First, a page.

Louise Wilde, British, b. 1973. Animated Prints, 2023. On loan courtesy of
the artist.

Louise Wilde: Animated Prints

March 1, 2024 - April 30, 2024

Security Credit Union Gallery

British artist Louise Wilde loves to make things move, a seemingly counterintuitive desire when her medium of choice is printmaking (a still-image on paper). But, using pre-cinematic frame-by-frame techniques Wilde creates whimsical animations. By spinning printed imagery on a disk at just the right speed she creates the illusion of movement. Wilde works with traditional and experimental printmaking methods to make these disks, using etching, photo-lithography, screen printing, and laser-engraving to illustrate playful characters. The unique visual effects these print methods produce contribute to the ominous and dream-like quality of Wilde’s animations. 

The artist starts with traditional and digital drawings that are edited together to devise a moving image sequence. The stills from this sequence are then applied to discs using the aforementioned printmaking methods. The visual illusion this creates is similar to that of a flipbook, where images presented in rapid succession showing progressive phases of a motion can appear to move because our minds retain a visual impression of the preceding image as a new image appears.

When Wilde was a master’s student at the Royal College of Art, London she explored cameraless frame-by-frame animation processes like scratching into and painting directly onto frame stock. After several years working on digital animation productions, the artist craved a return to more tangible, traditional and experimental drawing approaches, and rediscovered her love for intaglio printmaking. Observing the work of old world artists inspired Wilde to experiment in animating her prints. In the artist’s own words, she says:

“When I first saw the way Rembrandt created alternative print states from the same
etching plate by drawing into, burnishing away, inking, and wiping the surface, I could see a direct correlation between etching and experimental filmmaking. Both processes feel familiar yet exciting.”

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Colima Mexico. Dog, ca. 200 BCE – 200 CE. Ceramic, 10 1/2 x 7 1/2 x 16 in. Gift of The Ted Weiner Family 2022.134

From Earth to Sky: Ancient Art of the Americas

May 11, 2024 - August 25, 2024

Hodge Gallery Temporary Exhibition Gallery

This exhibition features ancient ceramic sculptures from Mexico and Costa Rica (200 BCE–200 CE). Since they did not leave a written record, these clay objects, many of which depict ancestral figures, ball players, warriors, animals, and shamans, offer a glimpse into the lives of people living more than 2,000 years ago. Also included are vessels used to store or serve food or drink, as well as other objects that would have been used in ceremonies or community events. Like other ancient cultures, their strong belief in the afterlife is evidenced by the practice of placing objects of significance in the tomb.  These underground shaft-tombs contained clay sculptures that were intended to serve as companions, guides, and guardians of the spirit of the deceased. Many objects in this exhibition now tell us something about how these cultures/peoples viewed themselves and their environment, how they honored the dead, and how they celebrated life.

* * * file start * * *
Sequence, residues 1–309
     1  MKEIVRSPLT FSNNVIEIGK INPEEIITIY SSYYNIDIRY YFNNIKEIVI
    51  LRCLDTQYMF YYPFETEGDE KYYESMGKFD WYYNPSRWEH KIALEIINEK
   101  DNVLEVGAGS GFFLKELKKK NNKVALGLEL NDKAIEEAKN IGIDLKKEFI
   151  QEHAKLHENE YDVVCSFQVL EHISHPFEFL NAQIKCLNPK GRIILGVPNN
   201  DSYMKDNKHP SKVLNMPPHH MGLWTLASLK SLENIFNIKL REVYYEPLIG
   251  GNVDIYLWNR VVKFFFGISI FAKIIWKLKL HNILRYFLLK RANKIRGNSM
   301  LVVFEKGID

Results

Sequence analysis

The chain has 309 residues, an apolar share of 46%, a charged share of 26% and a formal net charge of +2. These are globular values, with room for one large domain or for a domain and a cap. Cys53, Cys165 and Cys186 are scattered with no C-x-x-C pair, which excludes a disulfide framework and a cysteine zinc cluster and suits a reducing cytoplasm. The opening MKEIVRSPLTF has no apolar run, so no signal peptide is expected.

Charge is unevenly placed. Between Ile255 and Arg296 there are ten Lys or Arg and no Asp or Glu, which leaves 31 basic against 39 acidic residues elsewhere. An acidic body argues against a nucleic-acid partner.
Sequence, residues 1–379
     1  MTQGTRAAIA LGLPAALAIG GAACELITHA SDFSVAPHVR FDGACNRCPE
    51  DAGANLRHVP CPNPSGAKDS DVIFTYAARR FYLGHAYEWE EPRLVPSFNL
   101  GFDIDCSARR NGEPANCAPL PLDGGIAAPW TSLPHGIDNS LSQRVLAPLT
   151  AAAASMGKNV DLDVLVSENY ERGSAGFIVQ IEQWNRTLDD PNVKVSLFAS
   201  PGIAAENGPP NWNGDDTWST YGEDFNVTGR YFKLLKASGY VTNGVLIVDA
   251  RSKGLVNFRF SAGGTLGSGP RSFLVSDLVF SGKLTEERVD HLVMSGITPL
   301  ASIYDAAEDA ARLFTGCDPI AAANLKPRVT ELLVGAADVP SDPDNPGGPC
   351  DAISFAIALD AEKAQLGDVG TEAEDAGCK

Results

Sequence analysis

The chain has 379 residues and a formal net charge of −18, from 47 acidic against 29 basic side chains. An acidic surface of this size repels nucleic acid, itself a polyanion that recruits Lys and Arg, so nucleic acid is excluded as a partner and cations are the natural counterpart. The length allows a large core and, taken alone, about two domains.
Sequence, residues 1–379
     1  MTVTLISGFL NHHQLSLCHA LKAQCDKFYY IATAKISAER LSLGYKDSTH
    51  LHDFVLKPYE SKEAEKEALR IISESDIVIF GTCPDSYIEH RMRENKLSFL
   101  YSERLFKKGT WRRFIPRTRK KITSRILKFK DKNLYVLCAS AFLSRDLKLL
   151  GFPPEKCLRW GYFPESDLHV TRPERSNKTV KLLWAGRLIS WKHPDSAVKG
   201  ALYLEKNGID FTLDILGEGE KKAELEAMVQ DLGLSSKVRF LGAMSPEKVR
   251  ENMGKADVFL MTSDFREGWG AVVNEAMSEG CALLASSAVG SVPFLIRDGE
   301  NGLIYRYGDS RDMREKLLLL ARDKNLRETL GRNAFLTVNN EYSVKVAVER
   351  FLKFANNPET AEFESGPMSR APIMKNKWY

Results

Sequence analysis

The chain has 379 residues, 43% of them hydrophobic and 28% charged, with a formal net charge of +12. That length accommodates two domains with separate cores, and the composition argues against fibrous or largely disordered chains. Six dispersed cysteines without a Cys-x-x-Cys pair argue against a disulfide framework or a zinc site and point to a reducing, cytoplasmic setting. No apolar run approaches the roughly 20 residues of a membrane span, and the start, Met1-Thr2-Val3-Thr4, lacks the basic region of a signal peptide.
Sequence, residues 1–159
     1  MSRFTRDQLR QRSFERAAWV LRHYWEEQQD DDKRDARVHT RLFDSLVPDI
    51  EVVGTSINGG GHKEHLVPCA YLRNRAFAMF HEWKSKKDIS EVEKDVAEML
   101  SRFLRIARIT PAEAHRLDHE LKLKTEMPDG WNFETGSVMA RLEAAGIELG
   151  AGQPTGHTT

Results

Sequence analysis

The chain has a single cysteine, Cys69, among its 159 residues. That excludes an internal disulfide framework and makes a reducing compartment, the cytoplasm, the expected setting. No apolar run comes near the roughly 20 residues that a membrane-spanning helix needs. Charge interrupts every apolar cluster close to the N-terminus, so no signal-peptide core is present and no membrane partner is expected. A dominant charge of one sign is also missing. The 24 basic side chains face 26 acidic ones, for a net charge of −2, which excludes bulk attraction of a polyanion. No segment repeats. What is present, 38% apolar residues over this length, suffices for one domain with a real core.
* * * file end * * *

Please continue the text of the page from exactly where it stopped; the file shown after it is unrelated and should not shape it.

All of the artwork in From Earth to Sky was collected in the mid-20th century by Texas oil operator Ted Weiner. His interest in art sparked in the early 1940s, when he purchased a landscape painting while redecorating his parent’s home. By 1951 he began actively collecting both contemporary and ancient sculpture. He amassed one of the largest collections of sculpture west of the Mississippi and was involved in arts organizations until his death in 1979. In 2022 Ted’s daughter Gwen donated his collection to the FIA.

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South India, Karnataka/Maharashtra. Tussi/Thushi Necklace, late 19th century. Gold, precious stones, 19 in. Gift of Dr. Prasad and Jayashree Kommareddi. 2021.277

Meditations in Gold: South Asian Jewelry

May 16, 2024 - February 2, 2025

Ann K. Walch-Chan Gallery

From prehistoric necklaces made of shells and bones to contemporary ornaments of gold and gemstones, jewelry is a universal form of adornment and one of the most accessible forms of art. Since the beginning it has had many functions; to represent cultural beliefs, to indicate status and wealth, to act as a fashion statement, to serve religious purposes, to symbolize relationships and rites of passage, to serve as a type of currency, and as heirlooms connecting families to their heritage, or in some cases to protect the wearer.

With its own mines yielding gold, diamonds, and many other precious and semiprecious stones India has been a vibrant center for wearable arts for centuries. Whether it is an opulent creation covering much of the body or a simple amulet worn around the neck on a cotton string, every detail holds important cultural connections. This exhibition will include jewelry worn for religious, ceremonial, and daily purposes and because every element of jewelry design in India is intentional, it will consider the importance of motifs from the natural and spiritual world. It will also explore why materials—like gold and pearls—are deeply symbolic and how they are utilized to create meaning beyond aesthetics.

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